Sitting in a Coney Island, reading a book, I couldn’t help but overhear a conversation taking place at a table a few spots over from me. (I’ve confessed before that I have a history of eavesdropping — especially in airports, back when I was Platinum with Delta.)
At first, I couldn’t tell if it was a sales meeting or a job interview. (By the way, my advice would be quite similar for both.) Anyway, the man “selling” was dominating the conversation. At times, I wasn’t sure how he was breathing, since he was stringing so many words together in a rapid-fire manner. The other man was either a good listener or lacked the energy to compete with the first guy.
Since we were at a local diner, I decided to get the waitress involved by asking if she knew them, and explaining why I was curious. Without me asking, she decided to hover near their table to see if she could figure it out, and then reported back. Can you imagine being my waitress? I even told her that I was going to write a blog about this episode.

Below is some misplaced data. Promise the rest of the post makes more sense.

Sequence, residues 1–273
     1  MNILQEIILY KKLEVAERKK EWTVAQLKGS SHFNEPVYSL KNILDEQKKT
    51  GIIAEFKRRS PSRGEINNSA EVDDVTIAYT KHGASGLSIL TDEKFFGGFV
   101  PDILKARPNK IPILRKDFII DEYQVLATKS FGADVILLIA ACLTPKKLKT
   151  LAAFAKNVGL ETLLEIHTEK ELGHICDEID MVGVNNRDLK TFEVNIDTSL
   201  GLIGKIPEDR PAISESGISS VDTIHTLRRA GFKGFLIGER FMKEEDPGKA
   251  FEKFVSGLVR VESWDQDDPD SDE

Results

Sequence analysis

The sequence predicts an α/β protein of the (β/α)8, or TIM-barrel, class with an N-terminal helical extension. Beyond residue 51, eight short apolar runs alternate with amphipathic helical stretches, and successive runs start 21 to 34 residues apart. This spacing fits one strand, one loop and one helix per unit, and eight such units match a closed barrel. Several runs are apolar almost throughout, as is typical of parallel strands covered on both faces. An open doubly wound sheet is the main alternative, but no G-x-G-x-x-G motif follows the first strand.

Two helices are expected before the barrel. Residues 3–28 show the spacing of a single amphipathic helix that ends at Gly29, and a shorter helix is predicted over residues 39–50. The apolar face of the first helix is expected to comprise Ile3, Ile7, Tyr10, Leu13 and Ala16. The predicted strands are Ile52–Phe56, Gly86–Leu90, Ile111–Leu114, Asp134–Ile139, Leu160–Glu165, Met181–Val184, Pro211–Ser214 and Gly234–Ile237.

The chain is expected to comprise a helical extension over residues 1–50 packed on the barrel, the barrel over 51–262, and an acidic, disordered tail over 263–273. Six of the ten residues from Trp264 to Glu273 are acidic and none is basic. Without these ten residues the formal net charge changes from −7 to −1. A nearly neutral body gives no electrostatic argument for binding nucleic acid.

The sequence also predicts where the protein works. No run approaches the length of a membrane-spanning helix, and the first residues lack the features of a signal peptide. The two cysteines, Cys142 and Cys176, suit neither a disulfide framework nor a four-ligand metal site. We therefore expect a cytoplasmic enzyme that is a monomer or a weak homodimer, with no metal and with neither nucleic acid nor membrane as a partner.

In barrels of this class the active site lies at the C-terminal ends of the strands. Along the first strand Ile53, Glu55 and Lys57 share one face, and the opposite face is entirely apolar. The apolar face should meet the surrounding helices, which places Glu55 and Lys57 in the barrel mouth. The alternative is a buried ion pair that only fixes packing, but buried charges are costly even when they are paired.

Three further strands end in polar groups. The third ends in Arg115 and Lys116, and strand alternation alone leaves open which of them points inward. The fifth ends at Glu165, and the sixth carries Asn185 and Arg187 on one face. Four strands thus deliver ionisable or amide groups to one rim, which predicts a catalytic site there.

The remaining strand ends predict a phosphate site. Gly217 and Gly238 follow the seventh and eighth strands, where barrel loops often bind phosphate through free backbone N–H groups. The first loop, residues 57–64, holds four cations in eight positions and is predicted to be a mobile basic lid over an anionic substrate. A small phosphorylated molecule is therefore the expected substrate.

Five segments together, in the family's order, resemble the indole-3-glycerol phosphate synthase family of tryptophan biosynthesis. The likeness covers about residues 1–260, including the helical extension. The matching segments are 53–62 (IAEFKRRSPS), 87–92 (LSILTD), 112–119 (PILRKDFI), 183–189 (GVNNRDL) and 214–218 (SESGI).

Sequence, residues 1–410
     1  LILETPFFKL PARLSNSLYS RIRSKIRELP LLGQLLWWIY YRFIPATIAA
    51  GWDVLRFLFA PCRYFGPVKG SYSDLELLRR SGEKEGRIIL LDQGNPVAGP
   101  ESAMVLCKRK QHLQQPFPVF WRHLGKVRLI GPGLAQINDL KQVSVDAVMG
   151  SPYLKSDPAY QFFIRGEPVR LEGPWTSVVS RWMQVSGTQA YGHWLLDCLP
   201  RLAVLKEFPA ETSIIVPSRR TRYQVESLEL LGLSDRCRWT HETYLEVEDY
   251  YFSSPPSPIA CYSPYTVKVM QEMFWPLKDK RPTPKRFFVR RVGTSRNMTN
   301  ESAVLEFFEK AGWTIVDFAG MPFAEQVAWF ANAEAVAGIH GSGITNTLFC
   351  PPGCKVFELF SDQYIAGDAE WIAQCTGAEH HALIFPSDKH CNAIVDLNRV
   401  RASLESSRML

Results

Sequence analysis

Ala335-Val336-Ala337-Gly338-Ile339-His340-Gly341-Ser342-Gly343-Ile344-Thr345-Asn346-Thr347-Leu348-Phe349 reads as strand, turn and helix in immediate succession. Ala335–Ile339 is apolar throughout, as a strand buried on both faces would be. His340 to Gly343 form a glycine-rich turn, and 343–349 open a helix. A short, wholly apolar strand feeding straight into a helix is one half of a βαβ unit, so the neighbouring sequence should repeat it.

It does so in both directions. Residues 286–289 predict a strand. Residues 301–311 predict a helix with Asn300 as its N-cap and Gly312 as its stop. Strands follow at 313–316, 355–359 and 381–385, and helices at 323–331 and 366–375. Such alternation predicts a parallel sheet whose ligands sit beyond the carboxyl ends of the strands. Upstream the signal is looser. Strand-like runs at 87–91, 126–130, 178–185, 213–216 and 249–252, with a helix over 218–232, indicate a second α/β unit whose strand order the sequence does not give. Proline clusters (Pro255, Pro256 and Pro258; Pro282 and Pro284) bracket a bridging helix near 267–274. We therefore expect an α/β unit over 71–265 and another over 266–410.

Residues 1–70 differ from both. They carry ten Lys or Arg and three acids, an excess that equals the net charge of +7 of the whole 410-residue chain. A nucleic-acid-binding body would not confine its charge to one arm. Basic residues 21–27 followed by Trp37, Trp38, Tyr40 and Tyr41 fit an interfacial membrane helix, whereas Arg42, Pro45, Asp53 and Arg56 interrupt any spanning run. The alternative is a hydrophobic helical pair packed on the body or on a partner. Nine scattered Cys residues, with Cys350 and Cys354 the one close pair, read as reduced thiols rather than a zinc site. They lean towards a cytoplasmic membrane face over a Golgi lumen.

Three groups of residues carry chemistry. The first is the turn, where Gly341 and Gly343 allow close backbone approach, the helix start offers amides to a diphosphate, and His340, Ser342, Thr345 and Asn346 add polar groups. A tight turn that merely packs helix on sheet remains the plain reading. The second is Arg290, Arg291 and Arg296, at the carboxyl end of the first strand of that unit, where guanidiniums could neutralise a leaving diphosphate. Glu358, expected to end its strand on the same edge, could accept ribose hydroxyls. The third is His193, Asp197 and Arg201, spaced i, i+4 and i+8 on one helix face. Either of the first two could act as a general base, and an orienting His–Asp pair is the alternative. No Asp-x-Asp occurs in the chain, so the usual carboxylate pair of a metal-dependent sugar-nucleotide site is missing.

Here are my takeaways:
- Whether you’re attempting to sell a product or service, or interviewing for a job, please ask some questions of the other person. Prepare some well-thought-out questions that let the other person know you did your homework and are really interested in them.
- Don’t dominate the conversation. Pick your spots, but draw them out, too.
- Because of my vantage point, I could see that the “talker” was making very limited eye contact. He was looking around the restaurant as he spoke, or down at the table, but rarely at his companion. When someone is telling a lie, it’s hard for them to look you in the eye. So, hypothetically, was this guy making up stories?
- His volume was very high (I should talk). That’s why I heard him from across the restaurant to begin with. Be aware of your volume.
- At one point, the talker was telling a story and said “The Wife.” Seriously! And this was supposedly when he was on his best behavior? Not on my team!
OK, now I feel better.
BTW, if you’re interviewing and would like to practice, I would be happy to help you get ready (no charge).